Cape May and Braddock Bay (and others, if they fit the rhyming scheme) offer birdwatchers a peek behind the science curtain with banding operations… always a surprise to be had there, after hours with the bins. And now approaches added quite the opposite of a-bird-in-the-hand. 

From birdshot to banding, optics and Sibley, telescopes aimed at the moon to nightflight software, GPS (transmitters and chips), to NEXRAD. A newly-minted Nobel Laureate wrote, “The times they are a-changin’”. But still not on the radar for most birders.

NEXRAD Bonus Round: 13-18 September 2013
Let's look at reality from the hawks, and then the hawkwatchers. Two different stories. On the other hand, it's the same story: the Broadwing concentration goes off on its tight schedule, as it has forever and ever, The End; or we can tell our tale as the hawkwatchers see it, don't see it, see something and base a story on that.

Below, as the cold front clears, hawks are quickly on the move raining S through central New England. Oh no. Unbeknownst and undetected.So, below, we have the aftershock to the Big Day (hawks, not hawkwatchers). It is set-to-fast, for the flow. First, there are hawks lifting off in central MA... leftovers from yesterday. Also there are two waves that are coming onto radar in CT. Note, these three excitements of Broadwings are being swept by NW winds. Last, look carefully... there is stream of new stuff entering MA on a subtle stream just E of Nashua NH (ASH), bent eastward by NW winds.
Once upon a time there was the fifth biggest Big Day had in the last twenty-four years (where is there a children's book editor when you need one?!). Now boys and girls, you will have to look reallllllly close to catch the spurt of BWs that issues across Wachusett Mt. (FIT radar station). What a thin straight line it 'tis.Another Big Day on the 18th for the hawkwatchers (captured below)... and as you now have come to expect, it's a narrow isolated line of birds. But let's be sure to add that size doesn't matter. As with the Big Day on the 15th, for what it's worth, this is thin discharge. But a lot of heavy breathing at the Wachusett hawkwatch with over 10K hawks! Focus on the line from Nashua to Worchester. Had a nice time, I'll call you.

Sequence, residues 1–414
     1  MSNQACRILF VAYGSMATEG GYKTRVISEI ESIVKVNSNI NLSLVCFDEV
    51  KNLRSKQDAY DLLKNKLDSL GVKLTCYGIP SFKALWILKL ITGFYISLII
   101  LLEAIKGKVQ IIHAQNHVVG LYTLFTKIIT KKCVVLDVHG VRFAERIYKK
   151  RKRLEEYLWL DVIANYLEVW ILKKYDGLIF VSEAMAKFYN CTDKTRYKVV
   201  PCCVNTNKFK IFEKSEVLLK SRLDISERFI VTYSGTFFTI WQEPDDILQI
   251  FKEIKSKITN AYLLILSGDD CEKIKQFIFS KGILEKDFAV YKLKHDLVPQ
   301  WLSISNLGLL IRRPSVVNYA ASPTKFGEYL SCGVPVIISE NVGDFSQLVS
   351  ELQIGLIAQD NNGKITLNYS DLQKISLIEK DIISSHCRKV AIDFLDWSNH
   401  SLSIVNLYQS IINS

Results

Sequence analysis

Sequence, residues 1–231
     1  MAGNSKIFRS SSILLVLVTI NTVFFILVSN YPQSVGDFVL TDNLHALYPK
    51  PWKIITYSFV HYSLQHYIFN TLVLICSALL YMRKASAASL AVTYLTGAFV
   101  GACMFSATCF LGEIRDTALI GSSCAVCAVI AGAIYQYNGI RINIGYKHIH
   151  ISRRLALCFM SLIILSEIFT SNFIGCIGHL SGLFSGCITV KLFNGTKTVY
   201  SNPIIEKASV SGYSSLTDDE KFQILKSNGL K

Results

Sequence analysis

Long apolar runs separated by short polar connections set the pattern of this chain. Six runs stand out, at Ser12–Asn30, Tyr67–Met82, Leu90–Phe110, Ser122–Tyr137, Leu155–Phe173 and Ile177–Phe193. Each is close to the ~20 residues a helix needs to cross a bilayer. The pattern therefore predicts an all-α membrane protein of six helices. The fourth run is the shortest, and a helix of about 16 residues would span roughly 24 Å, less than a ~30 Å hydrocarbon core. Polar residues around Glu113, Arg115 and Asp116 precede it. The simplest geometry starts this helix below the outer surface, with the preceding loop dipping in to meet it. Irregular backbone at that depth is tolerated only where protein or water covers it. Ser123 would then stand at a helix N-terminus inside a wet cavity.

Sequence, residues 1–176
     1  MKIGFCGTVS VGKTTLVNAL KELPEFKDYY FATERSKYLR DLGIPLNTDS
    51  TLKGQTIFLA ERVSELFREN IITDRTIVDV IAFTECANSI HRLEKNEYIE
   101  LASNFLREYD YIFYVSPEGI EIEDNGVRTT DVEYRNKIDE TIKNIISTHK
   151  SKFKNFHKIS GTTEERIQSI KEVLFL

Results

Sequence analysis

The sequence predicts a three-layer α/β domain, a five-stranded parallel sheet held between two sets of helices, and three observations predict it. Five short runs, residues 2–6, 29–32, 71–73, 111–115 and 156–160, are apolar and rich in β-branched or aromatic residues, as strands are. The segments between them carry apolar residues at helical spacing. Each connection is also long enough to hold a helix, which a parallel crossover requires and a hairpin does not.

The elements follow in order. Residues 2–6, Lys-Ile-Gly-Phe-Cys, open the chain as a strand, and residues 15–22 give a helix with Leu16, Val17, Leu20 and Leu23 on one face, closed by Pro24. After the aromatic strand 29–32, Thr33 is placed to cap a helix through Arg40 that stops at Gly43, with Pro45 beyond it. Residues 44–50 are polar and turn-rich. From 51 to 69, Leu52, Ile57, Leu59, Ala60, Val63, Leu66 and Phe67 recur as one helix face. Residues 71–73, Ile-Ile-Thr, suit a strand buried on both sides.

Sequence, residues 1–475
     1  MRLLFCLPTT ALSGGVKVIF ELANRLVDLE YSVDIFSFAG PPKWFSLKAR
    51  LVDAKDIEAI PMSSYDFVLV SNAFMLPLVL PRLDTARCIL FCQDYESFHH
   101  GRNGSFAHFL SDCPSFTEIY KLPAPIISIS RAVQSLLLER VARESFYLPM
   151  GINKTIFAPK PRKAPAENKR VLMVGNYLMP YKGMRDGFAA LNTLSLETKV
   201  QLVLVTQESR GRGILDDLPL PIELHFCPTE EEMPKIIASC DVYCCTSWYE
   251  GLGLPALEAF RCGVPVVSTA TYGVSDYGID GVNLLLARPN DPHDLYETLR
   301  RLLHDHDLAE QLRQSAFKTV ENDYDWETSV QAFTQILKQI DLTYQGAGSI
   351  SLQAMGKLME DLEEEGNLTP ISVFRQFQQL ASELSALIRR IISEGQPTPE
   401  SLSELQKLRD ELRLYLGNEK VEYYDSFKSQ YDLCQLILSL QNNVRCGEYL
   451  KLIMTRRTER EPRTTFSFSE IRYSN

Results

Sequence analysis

In Other News...
Other things with wings, on the move.


[AJ, imaged at Derby Hill NY]

An expert is a man who has made all the mistakes which can be made in a very narrow field.
   Niels Bohr, physicist, Nobel laureate (7 Oct 1885-1962)

They've got the urge for going, and
they've got the wings so they can go.

— Joni Mitchell

Hawk•art•science blog
Truth and beauty. Art and science. Entries here will be on that flightline, although I will stray from the hawk-part on occasion, or will I? I aiming this beast at hawkheads and/or the young seasonal revolutionary biologists. It's for the flexible and young-at-heart too.
Comments, questions, excited utterances, and/or exasperated afterthoughts from you, dear reader, are welcome and will receive a reply. — Tom Carrolan
(Image above: "Recent self-portrait No.3, 2009")

Original recipe Hawksaloft.com
The Hawksaloft.com website was launched in 1997, following three years of printed handbills, plus numerous emails, all voicing my alt.hawkwatching ideas in New England. If you've been here before, the original site is archived in all its old-timey graphic glory. To navigate the old way, just click on Psychedelia the Hawk Owl and be transported back in time... trippy. Any bookmarks or links found anywhere online still work.

Not everything that counts can be counted and
not everything that can be counted counts.

— Albert Einstein